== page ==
Mediapart: Is the offering of places on the boards of Russian companies to former French president Nicolas Sarkozy, and his ex-prime minister François Fillon, also a thought-out, centralised strategy?

S.P.: I’m going to tell you something terrible. One hundred percent of these people, beginning with [former German chancellor, Gerhard] Schröder, who after their exit from office were signed up in Russia, receive their money not for their position at Rosneft, Rostelecom or MTS, but in thanks for the services they rendered when they were in government. I saw how Putin behaved with Schröder, he well knew that he had recruited him when he was still chancellor.

It is very difficult to follow them all. There is Schröder, his friends, the former president of the Bundestag, they all sit on companies over there. They are retired, they no longer serve any purpose, but they receive this money as a thank you, for what they did when they were in office: the Nord Stream lobby, the awarding of the Légion d’honneur, whatever you want. It’s in compensation for their services at the time. It’s a way of legalising corruption – they were promised 10 million, 100 million, and here’s how they receive it.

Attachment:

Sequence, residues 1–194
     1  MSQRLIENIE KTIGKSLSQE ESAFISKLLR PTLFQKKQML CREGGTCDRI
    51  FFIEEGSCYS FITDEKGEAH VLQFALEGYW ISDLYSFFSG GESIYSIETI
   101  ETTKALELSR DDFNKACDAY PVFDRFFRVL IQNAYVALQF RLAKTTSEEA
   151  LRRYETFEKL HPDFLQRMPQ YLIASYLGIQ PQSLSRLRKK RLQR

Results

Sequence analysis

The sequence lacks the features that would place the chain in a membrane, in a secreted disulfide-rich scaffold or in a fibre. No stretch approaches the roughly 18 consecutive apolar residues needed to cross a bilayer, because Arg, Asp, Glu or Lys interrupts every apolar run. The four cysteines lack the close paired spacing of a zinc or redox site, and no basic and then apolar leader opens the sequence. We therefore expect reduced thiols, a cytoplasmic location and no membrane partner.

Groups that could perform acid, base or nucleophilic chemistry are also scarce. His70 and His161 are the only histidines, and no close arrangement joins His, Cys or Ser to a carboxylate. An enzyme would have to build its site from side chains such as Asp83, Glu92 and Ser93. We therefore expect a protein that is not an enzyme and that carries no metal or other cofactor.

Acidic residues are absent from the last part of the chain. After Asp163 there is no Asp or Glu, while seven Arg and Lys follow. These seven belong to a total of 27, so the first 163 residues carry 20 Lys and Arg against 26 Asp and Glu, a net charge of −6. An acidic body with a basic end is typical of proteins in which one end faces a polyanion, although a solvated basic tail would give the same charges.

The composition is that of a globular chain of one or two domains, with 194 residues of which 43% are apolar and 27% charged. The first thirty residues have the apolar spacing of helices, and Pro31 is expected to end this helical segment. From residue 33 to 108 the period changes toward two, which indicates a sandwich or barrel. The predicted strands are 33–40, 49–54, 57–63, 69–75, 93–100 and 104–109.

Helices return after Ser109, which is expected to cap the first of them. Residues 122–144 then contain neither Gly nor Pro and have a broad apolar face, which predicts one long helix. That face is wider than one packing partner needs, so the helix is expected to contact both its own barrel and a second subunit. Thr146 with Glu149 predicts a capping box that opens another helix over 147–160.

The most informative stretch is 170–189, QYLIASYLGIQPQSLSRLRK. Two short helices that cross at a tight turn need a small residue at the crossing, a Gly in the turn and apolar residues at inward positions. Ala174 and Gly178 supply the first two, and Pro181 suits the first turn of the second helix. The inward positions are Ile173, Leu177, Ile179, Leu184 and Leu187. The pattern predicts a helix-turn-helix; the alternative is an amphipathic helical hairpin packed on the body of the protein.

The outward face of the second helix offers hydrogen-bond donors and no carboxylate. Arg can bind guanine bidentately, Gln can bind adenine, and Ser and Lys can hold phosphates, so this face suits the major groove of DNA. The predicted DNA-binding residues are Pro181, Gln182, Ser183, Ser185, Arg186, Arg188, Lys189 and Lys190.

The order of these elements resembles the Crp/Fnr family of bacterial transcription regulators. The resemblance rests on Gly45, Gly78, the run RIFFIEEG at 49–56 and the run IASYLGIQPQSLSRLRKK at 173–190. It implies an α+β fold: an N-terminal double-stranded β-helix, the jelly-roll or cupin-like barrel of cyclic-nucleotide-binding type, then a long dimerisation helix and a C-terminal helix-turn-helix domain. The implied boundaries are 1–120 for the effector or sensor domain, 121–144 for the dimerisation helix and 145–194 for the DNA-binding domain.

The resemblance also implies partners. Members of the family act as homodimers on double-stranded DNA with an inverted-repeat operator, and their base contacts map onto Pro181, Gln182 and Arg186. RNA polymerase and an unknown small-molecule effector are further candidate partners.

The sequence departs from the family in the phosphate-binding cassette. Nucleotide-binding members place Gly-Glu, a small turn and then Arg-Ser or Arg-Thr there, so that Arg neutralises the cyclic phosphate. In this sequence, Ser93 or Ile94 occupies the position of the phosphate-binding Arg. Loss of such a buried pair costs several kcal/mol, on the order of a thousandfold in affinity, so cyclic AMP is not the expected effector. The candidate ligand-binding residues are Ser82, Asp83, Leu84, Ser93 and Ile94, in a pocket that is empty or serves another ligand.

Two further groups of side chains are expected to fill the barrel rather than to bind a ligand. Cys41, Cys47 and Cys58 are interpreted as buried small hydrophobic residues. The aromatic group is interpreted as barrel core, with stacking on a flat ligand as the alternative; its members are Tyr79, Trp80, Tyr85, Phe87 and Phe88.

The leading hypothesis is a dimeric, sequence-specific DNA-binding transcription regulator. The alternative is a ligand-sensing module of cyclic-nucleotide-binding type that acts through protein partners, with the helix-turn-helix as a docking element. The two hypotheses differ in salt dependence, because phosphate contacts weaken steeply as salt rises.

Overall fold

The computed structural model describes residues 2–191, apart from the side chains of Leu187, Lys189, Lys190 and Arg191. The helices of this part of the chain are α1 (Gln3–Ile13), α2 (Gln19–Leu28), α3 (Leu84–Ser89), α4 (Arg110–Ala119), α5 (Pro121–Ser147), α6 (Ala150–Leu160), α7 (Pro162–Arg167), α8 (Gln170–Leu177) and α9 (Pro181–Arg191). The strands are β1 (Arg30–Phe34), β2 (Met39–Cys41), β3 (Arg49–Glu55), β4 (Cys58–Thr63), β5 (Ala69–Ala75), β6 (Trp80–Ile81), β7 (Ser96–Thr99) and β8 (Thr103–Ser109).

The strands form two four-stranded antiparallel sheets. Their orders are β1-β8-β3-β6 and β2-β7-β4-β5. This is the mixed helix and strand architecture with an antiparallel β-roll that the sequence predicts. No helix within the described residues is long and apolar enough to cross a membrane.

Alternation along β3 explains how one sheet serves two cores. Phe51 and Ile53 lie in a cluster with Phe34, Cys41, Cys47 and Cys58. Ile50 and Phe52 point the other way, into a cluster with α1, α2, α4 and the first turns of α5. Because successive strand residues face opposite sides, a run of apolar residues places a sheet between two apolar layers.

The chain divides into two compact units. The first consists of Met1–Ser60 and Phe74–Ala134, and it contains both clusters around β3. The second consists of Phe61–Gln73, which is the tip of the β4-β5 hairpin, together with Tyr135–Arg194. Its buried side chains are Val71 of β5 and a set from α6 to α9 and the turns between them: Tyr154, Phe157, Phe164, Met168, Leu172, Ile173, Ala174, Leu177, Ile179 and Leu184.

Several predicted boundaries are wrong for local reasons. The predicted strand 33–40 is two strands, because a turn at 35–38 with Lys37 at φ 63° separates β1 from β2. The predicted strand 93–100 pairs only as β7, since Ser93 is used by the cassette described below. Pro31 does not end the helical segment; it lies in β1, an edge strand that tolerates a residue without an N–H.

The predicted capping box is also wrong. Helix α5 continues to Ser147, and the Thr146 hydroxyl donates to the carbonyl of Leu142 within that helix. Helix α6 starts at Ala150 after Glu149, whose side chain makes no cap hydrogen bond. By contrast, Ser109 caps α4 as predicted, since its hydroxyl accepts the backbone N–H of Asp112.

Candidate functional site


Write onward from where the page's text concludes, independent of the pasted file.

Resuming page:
Mediapart: It’s a tried-and-tested system aimed at establishing Russia’s influence?

S.P.: I’ve seen how it works. Someone lives in Germany, they call someone in Russia among Putin’s entourage. They have good contacts with so-and-so – the chancellor, his deputy, whatever. ‘Does it interest you?’, ‘Yes’. ‘Right, we can organise a delegation in Russia, an invitation to an agricultural fair’. And it moves along like that.

It is systemic. There are whole queues of people who offer their ‘services’. Imagine, you know the French prime minister, and you know a friend of Putin’s. You organise a rapprochement and you sell the connection, it’s a business. And you are told, ‘Super, we’ll have a contract made out with Gazprom to be paid 10 million, 100 million or perhaps 200 million, if you do that well’.